People of the Philippines vs. John Peter Hipol | G.R. No. 140549, July 22, 2003

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Republic of the Philippines
SUPREME COURT
Manila

FIRST DIVISION

G.R. No. 140549 | July 22, 2003

PEOPLE OF THE PHILIPPINES, Appellee,
vs.
JOHN PETER HIPOL, Appellant.

D E C I S I O N

YNARES-SANTIAGO, J.:

Appellant John Peter Hipol was charged in Criminal Case No. 14716-R with Malversation of Public Funds, as defined and penalized under Article 217 of the Revised Penal Code, committed as follows:

That on or about during the period March 8, 1997, in the City of Baguio, Philipppines and within the jurisdiction of this Honorable Court, the above-named accused, a public accountable officer and bonded officer assigned with the Office of the City Treasurer, Baguio City, and as such is accountable for public funds entrusted to and received by him, by reason of his position while in the performance of his official functions, taking advantage of his official functions, taking advantage of his official position, did then and there willfully, unlawfully and feloniously take away, misappropriate, embezzle, misapply and convert for his personal use and benefit the amount of TWO MILLION THREE HUNDRED NINETY THOUSAND THREE HUNDRED SEVENTY EIGHT PESOS & 57/100 (2,390,378.57), Philippine Currency, from such funds, thereby causing damage and prejudice to the government in the aforementioned amount.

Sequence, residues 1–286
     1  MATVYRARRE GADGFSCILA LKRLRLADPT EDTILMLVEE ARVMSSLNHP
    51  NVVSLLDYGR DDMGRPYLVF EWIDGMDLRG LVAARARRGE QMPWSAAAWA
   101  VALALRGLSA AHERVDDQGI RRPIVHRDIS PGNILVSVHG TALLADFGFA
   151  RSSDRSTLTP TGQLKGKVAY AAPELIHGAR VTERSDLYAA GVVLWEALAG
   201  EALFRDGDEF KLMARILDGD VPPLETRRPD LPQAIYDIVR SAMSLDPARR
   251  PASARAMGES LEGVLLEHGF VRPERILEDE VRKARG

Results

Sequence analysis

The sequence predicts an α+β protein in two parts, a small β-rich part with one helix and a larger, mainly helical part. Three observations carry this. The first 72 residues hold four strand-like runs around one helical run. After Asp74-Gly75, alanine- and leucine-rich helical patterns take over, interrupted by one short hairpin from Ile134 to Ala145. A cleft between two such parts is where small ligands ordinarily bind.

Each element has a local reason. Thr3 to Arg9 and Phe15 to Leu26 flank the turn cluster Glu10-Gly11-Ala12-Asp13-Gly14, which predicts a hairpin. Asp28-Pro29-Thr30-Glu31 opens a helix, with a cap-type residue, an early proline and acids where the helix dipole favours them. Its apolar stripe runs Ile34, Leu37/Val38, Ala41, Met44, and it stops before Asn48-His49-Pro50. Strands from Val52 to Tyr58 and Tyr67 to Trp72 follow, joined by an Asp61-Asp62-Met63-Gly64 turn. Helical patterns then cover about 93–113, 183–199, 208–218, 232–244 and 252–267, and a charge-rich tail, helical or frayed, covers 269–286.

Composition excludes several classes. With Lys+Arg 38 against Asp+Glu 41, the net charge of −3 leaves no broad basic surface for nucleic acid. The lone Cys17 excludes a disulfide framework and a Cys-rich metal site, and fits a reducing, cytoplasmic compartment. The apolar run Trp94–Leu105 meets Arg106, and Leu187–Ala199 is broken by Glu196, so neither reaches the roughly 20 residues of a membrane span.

CONTRARY TO LAW.1

Accused-appellant pleaded “not guilty” on arraignment.2 Thereafter, trial ensued.

The facts may be summarized as follows:

On December 19, 1993, appellant was employed as Cash Clerk II at the City Treasurer’s Office of Baguio City.3 He was assigned at the Cash Division, headed by the Cashier IV, Mrs. Nelia De Jesus. Appellant’s duties included assisting the Cashier in the preparation of payments of vouchers, correspondences, daily cash reports and cash items reports, Journal of Checks issued by the Cashier, Cash Disbursement Reports, other communications and documents necessary in connection with the handling of cash, and the performance of any other duties that may be assigned to him by the City Treasurer, Assistant City Treasurer and by the Cashier.4 Appellant was likewise tasked to make almost daily deposits of the collections of the City Treasurer to the Philippine National Bank (PNB), Session Road Branch, Baguio City.5 Whenever appellant was absent, De Jesus would ask Lerma G. Roque, a Utility Worker at the Baguio City Treasurer’s Office, to do the typing jobs and sometimes deposit money collected for the City accompanied by an officer from the City Treasurer’s Office.6